Sometimes the solution is too obvious to see at first glance. Actually I did the same with my double cut 24 fret LP Junior without even thinking about it. Even more, I didn't even think about the "original" location, I just measured where the intonation line should be. I had to compare my LP profiled guitars to see how it is and it's really hard to see the difference. So far I've used the same body templates on three: the double cut 24 fret, a single cut 24 fret and the semi-hollow 22 fret. Measured from the bottom to the bridge they're all similar! Yet the cut in double cut is down at the 23th fret while the curve of the others start at the 19th or 20th fret respectively. And I can't tell if any of them is more neck heavy than the others.

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I need some advice, I neglected to mention before that when I was sanding the front of the body with the ROS, I must have leaned on it on one of the corners and the top is not flat:

Y2r2lIX.jpg

Looks to be about a millimeter at most here. I'm just going to pretend I didn't see that the side on that corner is not square (well it's probably square to the slope on that corner), it doesn't bother me.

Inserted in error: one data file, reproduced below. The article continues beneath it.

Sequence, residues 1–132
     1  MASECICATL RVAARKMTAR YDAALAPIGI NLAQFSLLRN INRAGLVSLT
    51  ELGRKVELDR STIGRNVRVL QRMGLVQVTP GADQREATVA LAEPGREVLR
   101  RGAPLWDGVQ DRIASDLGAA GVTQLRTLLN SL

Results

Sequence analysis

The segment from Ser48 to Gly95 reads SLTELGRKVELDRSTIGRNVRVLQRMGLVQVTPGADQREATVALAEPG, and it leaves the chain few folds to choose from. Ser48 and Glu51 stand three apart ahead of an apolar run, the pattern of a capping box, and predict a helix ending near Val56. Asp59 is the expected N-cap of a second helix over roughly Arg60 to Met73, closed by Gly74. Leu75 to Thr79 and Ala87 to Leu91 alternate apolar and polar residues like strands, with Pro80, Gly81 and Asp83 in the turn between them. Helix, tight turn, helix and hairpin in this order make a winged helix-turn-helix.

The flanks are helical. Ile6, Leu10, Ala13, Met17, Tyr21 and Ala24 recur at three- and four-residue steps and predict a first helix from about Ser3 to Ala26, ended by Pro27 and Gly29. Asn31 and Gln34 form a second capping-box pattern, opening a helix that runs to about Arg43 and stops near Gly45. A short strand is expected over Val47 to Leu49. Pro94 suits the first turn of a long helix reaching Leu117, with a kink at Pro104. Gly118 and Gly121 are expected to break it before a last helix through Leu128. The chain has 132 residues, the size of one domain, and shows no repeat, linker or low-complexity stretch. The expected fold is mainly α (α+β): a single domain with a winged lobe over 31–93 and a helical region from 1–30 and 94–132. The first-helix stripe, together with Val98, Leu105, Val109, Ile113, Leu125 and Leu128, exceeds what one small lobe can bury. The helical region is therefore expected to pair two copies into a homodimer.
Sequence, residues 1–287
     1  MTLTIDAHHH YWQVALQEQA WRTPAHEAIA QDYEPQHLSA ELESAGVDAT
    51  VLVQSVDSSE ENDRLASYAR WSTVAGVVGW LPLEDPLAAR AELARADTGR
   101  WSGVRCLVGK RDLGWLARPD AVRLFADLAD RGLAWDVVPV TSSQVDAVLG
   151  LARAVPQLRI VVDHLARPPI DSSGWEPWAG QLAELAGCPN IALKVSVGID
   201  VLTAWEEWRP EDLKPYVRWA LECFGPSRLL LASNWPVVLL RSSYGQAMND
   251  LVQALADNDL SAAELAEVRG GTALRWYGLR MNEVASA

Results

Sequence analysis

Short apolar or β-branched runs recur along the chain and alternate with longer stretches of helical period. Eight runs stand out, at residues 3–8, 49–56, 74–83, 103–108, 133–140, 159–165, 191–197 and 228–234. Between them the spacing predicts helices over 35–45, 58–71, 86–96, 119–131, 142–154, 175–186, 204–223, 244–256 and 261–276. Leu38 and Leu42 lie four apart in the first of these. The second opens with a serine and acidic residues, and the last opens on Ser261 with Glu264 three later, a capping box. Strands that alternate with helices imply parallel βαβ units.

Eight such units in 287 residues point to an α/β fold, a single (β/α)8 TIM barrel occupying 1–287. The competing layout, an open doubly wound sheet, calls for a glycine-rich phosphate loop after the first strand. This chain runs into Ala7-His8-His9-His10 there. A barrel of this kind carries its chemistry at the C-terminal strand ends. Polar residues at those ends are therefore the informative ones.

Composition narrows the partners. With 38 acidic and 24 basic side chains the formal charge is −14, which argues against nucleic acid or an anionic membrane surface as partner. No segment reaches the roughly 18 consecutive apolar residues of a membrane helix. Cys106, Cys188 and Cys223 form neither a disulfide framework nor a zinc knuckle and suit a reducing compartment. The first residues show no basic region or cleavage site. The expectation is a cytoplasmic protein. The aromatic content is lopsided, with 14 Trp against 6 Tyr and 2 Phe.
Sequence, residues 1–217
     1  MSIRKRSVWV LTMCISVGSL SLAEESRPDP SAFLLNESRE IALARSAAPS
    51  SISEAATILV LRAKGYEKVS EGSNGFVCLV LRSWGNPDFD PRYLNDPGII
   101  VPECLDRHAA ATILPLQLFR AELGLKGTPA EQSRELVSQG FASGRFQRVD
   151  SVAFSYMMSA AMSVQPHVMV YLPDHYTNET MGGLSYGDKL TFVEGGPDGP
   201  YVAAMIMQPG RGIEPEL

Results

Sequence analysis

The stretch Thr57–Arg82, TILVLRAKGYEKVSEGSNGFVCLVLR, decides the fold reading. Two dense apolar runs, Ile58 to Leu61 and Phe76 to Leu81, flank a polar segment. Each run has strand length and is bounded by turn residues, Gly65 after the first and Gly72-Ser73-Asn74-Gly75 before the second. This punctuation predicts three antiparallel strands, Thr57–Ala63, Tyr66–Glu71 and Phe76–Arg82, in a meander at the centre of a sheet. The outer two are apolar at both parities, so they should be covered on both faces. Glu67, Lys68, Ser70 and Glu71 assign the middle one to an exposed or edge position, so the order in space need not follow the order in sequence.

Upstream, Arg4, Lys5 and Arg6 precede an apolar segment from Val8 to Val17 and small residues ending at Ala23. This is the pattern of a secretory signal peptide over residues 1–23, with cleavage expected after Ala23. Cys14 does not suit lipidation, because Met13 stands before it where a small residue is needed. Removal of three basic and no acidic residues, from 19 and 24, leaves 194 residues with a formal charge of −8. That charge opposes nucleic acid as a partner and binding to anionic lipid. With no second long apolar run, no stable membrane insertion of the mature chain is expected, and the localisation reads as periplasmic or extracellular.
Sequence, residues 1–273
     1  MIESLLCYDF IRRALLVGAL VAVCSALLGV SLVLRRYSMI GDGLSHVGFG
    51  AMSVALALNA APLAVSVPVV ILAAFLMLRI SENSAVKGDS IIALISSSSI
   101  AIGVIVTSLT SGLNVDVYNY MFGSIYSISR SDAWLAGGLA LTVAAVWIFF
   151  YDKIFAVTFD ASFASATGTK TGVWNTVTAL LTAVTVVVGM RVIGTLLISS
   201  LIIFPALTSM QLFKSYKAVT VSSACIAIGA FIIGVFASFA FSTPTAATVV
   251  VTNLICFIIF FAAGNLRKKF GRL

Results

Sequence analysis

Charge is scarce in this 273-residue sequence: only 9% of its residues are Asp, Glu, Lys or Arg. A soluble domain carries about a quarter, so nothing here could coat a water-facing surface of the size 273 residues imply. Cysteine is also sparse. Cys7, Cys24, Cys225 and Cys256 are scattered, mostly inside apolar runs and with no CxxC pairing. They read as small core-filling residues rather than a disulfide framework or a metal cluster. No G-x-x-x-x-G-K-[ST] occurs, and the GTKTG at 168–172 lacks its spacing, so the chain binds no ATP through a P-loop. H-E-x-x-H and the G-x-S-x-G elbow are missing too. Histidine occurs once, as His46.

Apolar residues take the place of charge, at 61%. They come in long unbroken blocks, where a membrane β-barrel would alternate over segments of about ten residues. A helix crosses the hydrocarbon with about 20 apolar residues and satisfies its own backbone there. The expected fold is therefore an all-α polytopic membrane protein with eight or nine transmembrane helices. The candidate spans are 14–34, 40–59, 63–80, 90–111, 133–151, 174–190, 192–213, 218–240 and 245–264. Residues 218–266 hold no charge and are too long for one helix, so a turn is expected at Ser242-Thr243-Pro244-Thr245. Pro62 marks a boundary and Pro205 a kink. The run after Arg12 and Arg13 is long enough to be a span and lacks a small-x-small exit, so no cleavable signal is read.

zUOlIfs.jpg

JqDHnC7.jpg

 

Do I need to flatten the entire thing again or will it not be noticeable on the end product? I don't want a "glass" finish, just something that makes the grain pop and protects the surface, and for that I think something like tru-oil would be good (correct me if I'm wrong). I think that works in my favor as a "glass" finish would probably make the slope more noticeable, I'm thinking?

Side question: I've bough one of these nuts, I expect I will need to work a bit on the height to get that right, as well as the sides, but will I need to do any work on the slots themselves? If yes, what are some cheap tools I can use for that?

B35WSzA.jpg

 

To end on a happy note, I couldn't resists doing a mock up of the body with the hardware. I'm quite pleased

XEgkeOX.jpg

Edited by asgeirogm
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It should be okay. For future reference, don't press down on your ROS or let it "dwell" in any one location. Let the machine do the work lightly under its own weight. When I'm panel sanding I methodically move at one speed across, down half the pad diameter, back across, etc. Then I do this up and down. It's more difficult to do with an odd shape like a guitar, however you can mentally "map" the area as you're sanding to know that everything has been covered evenly. You can always do the perimeter first (don't hang more than 25-50% of the pad over the edge) and then finish up the centre. It's an exercise in concentration and consistency.

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6 hours ago, asgeirogm said:

Do I need to flatten the entire thing again or will it not be noticeable on the end product?

Flattening is one valid option. Ignoring is another valid option. Exaggerating and duplicating it i.e. making a(n at least partially) radiused top would also be doable. Rounding the edges will also hide such a small imperfection.